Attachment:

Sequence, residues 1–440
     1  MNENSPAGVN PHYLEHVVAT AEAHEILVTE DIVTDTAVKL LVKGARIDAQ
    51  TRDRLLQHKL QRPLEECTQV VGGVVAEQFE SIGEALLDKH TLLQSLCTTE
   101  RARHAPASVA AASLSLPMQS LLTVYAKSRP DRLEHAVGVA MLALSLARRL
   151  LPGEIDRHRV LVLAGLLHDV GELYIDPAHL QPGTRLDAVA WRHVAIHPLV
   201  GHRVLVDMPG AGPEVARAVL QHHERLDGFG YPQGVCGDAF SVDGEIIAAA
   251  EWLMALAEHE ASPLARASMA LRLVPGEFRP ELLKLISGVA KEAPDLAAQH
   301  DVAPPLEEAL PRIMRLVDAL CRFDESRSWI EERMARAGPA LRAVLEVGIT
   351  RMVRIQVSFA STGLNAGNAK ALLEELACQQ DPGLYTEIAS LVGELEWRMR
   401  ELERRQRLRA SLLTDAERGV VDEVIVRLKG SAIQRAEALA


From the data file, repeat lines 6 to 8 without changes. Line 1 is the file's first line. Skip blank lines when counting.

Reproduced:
   201  GHRVLVDMPG AGPEVARAVL QHHERLDGFG YPQGVCGDAF SVDGEIIAAA
   251  EWLMALAEHE ASPLARASMA LRLVPGEFRP ELLKLISGVA KEAPDLAAQH
   301  DVAPPLEEAL PRIMRLVDAL CRFDESRSWI EERMARAGPA LRAVLEVGIT